Learning Science Communication Skills in Coimbra

text: Emilia Kilpua

We finally met face-to-face! SWATNet Workshop 4 was organized in the historic city of Coimbra on June 20-22, 2022. Teresa Barata from the network oversaw the local organization and the program. 

On Monday the trainers were Catarina Leote and Sérgio Pereira from Astrophysics and Space Science Institute, University of Lisbon and on Tuesday the science communication coordinator Ana Carvalho from Institute of Interdisciplinary Research, and Marta Costa and Karine Paniza from the communication department of the University of Coimbra. The Wednesday’s session were directed by Lea Urpa from the Science Basement outreach group from Finland.

Communicating Science

We scientists have a responsibility to tell the wider public about our research and its results. Why? It is for the common benefit to spread scientific knowledge and it is usually taxpayers’ money that funds us. It can also deepen your own enthusiasm and helps to see a wider perspective. 

Communicating science effectively is however not easy. It is very different from writing scientific papers or presenting at the conferences.  The important W’s of science communication we learned are: What? Why? Who? When? Where? 

The key is to avoid scientific jargon. We are so used to technical terms in our everyday work that incomprehensible words just sneak in. Another challenge is that the audience may vary from school kids to policy makers and seniors. Give real life examples that the listeners can connect to. For example, students made a nice analogy by comparing coronal mass ejections to erupting volcanoes. 

The workshop consisted of lectures, hands-on exercises and media training. For example, Students presented three-minute pitch talks on space weather tailored to different audiences, gave each one-minute summary of their PhD project and practised turning their scientific paper into a popular article. They also got useful tips on how to nail an interview and rehearsed being in front of a camera. 

Left) Sérgio Pereira telling students how to write about science without being boring. Right) Slava, Lydia and Grégoire giving their three minute pitch talk on space weather.

Up to the Observatory

The highlight of this workshop was that all students met in person.  To celebrate this Teresa had planned a loose program with several social events.

On Monday evening we had a barbeque and visited the Geophysical and Astronomical Observatory of the University of Coimbra. The observatory dates to the early 1700s and it was relocated to its current place at Alto de Santa Clara in the 1950s. The site hosts a telescope with a four meter focal length that is used mainly for educational purposes and one of the oldest spectroheliographs in the world.

After lectures it is good to exercise! All of us wanted to walk up to the observatory. Students also spotted steep stairs leading up to the university.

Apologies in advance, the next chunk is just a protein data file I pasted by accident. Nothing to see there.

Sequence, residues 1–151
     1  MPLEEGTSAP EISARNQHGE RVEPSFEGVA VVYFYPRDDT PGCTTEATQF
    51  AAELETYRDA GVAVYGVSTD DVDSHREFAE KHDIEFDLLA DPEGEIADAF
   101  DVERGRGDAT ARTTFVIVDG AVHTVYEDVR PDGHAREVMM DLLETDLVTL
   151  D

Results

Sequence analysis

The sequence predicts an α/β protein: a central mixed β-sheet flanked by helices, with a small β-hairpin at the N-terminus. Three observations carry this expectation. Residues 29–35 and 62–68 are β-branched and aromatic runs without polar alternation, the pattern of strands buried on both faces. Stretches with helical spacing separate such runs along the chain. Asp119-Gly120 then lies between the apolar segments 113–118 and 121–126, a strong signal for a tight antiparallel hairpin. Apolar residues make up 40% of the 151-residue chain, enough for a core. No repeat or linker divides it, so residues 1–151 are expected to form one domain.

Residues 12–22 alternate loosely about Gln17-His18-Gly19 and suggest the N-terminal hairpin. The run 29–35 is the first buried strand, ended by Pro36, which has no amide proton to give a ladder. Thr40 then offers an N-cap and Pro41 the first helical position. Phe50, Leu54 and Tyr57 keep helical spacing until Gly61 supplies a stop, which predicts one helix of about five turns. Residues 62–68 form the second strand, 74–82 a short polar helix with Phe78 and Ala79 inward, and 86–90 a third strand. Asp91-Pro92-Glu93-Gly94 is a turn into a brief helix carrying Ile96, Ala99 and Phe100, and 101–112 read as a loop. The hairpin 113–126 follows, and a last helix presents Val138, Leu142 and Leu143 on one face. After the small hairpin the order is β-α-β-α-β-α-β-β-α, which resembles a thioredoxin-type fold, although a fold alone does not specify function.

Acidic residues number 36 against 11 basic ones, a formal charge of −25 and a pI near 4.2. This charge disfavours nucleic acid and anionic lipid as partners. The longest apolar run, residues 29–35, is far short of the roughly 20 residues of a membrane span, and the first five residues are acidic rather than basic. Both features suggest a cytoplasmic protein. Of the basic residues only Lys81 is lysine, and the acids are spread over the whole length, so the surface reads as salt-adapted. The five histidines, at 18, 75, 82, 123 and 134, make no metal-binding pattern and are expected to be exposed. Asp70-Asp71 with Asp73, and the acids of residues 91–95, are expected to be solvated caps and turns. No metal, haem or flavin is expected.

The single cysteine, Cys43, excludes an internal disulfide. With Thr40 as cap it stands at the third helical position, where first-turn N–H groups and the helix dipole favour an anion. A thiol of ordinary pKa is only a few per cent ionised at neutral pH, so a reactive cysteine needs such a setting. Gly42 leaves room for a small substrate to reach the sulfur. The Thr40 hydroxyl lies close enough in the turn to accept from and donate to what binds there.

The sky was cloudy so we could not observe with the telescope, but we admired old astronomical instruments at the museum, relaxed at the planetarium and saw the impressive spectroheliograph. Scientists have used the spectroheliograph to take daily images of the Sun since 1927 in spectral lines like Calcium and Hydrogen-alpha. An important update happened in 2007 when a CCD camera was installed. We are using this unique long-term data in some SWATNet research projects.

Getting a detailed introduction to the use and history of the spectroheliograph at the Coimbra Observatory.

Life of a 17th century PhD student

On Tuesday morning we had a tour at the university with a wonderful guide describing vividly the life there in past times.  The university was first established in Lisbon in 1290. Story says that the bustling harbour town had too many distractions for young minds, and it was relocated to the hills of a more peaceful Coimbra in 1537. 

Students back in the days had quite different lives. We first visited a student prison! Some inmates had committed real crimes but being late for the lecture was enough to be sentenced.  The students’ prison was however a much better option than the communal prison that had no windows, toilets, or food. 

Left) Selfie time at the student prison (pic: Mayank Kumar). Right) Hall of Private Examination

The prison was not the scariest place we visited. This honor goes to the Hall of Private Examination. Student were escorted there one by one in the middle of the night by the guards and then interrogated by the professors. The serious looking past deans were watching over from the dark portraits surrounding the walls of the room. Those who succeeded got a diploma. Those who failed got three more years at the university. 

We also got a chance to see the Joanina Library. It was founded at the dawn of the age of the enlightenment and is considered as one of the most beautiful libraries in the world. Over 700,000 volumes there are guarded by a colony of bats! They come out during the night and eat bugs that could destroy precious books.

You could feel the history around the cobblestone streets and old buildings of Coimbra university. It was so nice to be back to normal interactions and combine training with these inspiring visits. 

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